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Literary Fiction, Humour, Drama, Adventure, Fantasy, Science Fantasy, Science Fiction, Romance, Erotica, Mystery, Thriller, Horror, Paranormal…the list of genres is large and growing.  Niche genres have evolved to include Steampunk Scifi, Christian Romance, Crime Dramas, Crime Thrillers, and even books based on specific video games.

Moreover, many books cross multiple genres to include a bit of fantasy and science fiction and romance and adventure and mystery.

Gone are the days when books could be easily classified into a handful of categories.

For authors who aim their writing at a target audience, this may be a godsend enabling them to tailor their stories to a very small niche, making keyword generation easy and almost guaranteeing readership.  Cross-genre novels allow for greater quantity and variety of keywords, but some readers may be disappointed if the tale does not fit what they were looking for.  And titles in less popular genres now get short shrift because the algorithms that put books in front of buyers may shunt them to the back of the line.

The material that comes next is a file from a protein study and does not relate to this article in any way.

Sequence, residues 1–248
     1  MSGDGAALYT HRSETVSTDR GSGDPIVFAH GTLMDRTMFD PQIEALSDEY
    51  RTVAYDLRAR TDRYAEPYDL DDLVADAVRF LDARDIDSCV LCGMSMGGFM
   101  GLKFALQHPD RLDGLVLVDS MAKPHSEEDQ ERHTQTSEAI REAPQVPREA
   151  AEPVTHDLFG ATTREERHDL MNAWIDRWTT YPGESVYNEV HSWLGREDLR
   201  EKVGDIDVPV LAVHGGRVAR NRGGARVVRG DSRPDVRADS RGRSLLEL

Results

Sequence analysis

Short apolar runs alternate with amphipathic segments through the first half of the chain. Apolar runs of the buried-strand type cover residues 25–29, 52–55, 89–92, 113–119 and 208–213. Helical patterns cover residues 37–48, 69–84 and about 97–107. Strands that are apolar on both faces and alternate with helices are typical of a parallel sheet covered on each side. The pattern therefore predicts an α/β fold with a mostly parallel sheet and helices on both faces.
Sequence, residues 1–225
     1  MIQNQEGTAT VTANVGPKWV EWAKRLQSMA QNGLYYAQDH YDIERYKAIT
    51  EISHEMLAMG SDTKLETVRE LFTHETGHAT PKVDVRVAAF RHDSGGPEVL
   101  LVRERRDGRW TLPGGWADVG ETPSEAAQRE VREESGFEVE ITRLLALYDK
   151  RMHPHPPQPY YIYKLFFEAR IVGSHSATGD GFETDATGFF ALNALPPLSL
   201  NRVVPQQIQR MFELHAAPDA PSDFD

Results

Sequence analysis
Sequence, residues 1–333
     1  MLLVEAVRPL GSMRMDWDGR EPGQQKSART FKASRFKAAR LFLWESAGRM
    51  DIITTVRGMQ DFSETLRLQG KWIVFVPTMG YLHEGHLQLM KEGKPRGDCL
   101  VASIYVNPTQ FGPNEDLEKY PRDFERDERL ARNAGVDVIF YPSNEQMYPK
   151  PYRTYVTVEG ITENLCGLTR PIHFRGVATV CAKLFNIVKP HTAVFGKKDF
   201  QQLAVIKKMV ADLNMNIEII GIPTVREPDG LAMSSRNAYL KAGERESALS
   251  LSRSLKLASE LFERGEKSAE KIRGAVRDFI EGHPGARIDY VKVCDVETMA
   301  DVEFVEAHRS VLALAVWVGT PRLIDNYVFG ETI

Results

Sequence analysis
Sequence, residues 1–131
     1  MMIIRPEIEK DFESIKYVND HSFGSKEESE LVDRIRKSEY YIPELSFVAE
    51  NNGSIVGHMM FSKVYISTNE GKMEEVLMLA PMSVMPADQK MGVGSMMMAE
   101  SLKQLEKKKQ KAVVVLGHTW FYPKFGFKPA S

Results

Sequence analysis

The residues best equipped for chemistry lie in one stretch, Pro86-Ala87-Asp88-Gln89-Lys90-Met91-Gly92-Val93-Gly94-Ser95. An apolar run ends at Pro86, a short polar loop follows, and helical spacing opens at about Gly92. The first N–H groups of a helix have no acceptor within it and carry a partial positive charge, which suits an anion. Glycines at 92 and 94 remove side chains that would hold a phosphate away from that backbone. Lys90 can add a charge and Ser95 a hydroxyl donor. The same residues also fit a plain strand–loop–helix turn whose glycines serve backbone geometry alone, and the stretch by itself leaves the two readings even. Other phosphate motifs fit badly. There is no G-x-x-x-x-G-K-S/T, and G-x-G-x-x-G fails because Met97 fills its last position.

While those who limit themselves to a narrow type of reading material may be well served by the ease of finding books they will enjoy, and while the sheer number of genres lends itself to a dazzling array of offerings for those who hop from one genre to another, things have gotten rather complicated for authors and designers and book marketers.

Do you think the proliferation of genre categories is beneficial? Do you seek out niche genres?

This Post Has One Comment

  1. Sandra Jarvis

    I think it could go both ways, could be beneficial but then also could be confusing and turn people off. I choose books often just by the title, then read the back or inside cover and decide whether to read it. It isn’t often I don’t like what I have chosen.

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